# Intermediate truth values

I have not written a blog post in a while, so I decided to write up a short observation about truth values in intuitionistic logic which sometimes seems a bit puzzling.

Let $\Omega$ be the set of truth values (in Coq this would be the setoid whose underlying type is $\mathsf{Prop}$ and equality is equivalence $\leftrightarrow$, while in HoTT it is the h-propostions). Call a truth value $p : \Omega$ intermediate if it is neither true nor false, i.e., $p \neq \bot$ and $p \neq \top$. Such a “third” truth value $p$ is proscribed by excluded middle.

The puzzle is to explain how the following two facts fit together:

1. “There is no intermediate truth value” is an intuitionistic theorem.
2. There are models of intuitionistic logic with many truth values.

# Constructive gem: double exponentials

In the last constructive gem we studied the exponential $2^\mathbb{N}$ and its isomorphic copies. This time we shall compute the double exponential $2^{2^\mathbb{N}}$ and even write some Haskell code. Continue reading Constructive gem: double exponentials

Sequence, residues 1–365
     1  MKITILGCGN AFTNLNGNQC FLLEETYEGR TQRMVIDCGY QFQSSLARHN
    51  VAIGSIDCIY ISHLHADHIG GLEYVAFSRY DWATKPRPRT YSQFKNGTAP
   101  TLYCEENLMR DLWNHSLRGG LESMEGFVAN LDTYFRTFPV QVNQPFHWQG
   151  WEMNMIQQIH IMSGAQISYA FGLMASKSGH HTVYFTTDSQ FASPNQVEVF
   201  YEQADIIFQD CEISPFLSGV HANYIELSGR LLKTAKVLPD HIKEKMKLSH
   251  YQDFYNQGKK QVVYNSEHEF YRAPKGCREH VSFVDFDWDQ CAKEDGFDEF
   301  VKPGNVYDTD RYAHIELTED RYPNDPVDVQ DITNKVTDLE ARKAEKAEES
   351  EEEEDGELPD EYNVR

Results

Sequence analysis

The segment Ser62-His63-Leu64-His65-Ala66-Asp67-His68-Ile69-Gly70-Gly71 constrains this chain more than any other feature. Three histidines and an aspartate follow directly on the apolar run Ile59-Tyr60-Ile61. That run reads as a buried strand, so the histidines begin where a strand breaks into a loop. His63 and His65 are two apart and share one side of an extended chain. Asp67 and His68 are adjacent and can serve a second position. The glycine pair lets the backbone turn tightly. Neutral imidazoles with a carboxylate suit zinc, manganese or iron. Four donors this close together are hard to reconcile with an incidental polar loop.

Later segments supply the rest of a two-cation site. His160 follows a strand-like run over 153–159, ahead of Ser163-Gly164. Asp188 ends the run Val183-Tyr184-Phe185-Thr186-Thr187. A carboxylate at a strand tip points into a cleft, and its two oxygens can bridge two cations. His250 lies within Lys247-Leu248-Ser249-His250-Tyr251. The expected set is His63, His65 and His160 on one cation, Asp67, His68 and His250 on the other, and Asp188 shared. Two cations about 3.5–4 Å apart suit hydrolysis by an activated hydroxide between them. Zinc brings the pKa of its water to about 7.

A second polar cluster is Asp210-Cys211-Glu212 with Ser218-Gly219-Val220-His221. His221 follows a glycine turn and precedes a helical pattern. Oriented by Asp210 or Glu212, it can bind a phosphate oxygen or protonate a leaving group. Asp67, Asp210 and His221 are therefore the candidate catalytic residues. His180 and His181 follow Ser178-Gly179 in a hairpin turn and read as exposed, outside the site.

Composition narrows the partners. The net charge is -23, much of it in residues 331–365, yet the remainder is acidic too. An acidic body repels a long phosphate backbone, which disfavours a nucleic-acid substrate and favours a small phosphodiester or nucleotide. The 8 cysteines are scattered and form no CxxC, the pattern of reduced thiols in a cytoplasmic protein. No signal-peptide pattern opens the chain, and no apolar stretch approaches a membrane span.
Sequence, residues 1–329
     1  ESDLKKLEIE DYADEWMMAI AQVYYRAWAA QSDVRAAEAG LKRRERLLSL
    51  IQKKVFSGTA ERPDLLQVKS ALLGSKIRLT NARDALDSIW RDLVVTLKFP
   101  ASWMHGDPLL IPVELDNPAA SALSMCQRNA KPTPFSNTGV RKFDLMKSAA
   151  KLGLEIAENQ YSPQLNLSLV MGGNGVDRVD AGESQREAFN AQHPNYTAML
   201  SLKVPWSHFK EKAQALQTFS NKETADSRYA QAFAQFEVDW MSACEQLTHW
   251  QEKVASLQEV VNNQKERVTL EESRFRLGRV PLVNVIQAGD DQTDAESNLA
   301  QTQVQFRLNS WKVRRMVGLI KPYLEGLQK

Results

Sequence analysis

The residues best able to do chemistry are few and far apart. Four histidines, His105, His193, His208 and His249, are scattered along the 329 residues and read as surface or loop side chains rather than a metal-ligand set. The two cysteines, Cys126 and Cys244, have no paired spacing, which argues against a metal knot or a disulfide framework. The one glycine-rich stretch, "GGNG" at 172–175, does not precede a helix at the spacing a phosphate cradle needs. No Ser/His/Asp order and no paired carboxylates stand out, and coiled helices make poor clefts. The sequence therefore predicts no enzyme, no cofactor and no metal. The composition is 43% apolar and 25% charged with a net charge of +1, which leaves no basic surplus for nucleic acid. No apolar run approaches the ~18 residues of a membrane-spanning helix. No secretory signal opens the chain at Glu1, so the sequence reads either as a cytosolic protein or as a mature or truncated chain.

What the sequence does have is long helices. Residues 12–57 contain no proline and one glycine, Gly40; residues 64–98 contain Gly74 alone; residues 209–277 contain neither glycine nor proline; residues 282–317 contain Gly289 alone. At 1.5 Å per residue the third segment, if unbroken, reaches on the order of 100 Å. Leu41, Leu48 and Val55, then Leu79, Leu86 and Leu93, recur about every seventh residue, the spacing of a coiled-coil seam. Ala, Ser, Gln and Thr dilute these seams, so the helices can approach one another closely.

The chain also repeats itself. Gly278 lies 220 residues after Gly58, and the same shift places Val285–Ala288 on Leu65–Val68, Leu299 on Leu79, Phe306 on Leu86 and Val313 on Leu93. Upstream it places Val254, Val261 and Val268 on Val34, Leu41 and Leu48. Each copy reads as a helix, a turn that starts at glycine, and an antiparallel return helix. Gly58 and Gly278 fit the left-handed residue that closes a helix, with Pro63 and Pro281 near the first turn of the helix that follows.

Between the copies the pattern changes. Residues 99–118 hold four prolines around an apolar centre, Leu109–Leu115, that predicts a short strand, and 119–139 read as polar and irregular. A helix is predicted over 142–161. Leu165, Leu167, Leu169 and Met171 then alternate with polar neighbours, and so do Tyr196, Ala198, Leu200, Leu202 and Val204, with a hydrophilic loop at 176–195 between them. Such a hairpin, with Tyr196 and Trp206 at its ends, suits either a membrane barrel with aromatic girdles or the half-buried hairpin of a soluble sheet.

# Constructive gem: juggling exponentials

Constructive gems are usually not about particular results, because all constructive results can be proved classically as well, but rather about the method and the way of thinking. I demonstrate a constructive proof which can be reused in three different settings (set theory, topology, computability) because constructive mathematics has many different interpretations.

# Constructive stone: minima of sets of natural numbers

I promise I will post a constructive gem soon. This constructive stone came up as a reaction to the cardinality of finite sets stone. I show that inhabited sets of natural numbers need not have minima, constructively.

# Constructive stone: cardinality of sets

Cardinality of sets in constructive mathematics is not as well behaved as in classical mathematics. Cardinalities of finite sets are not natural numbers, and cardinalities are not linearly ordered.

# Constructive gems and stones

In various mathematical forums, mostly those of a logical flavor, I regularly see people asking basic questions about constructive mathematics. I also see misconceptions about constructive mathematics. I shall make a series of posts, Constructive Gems and Stones, which will answer basic questions about constructive mathematics, and will hopefully help fix wrong ideas about constructive mathematics.

A constructive gem is something nice about constructive mathematics that makes you want to know more about it. In contrast, a constructive stone is a complication in constructive mathematics which does not exist in the classical counterpart.

Here we go! The first one is about finite sets.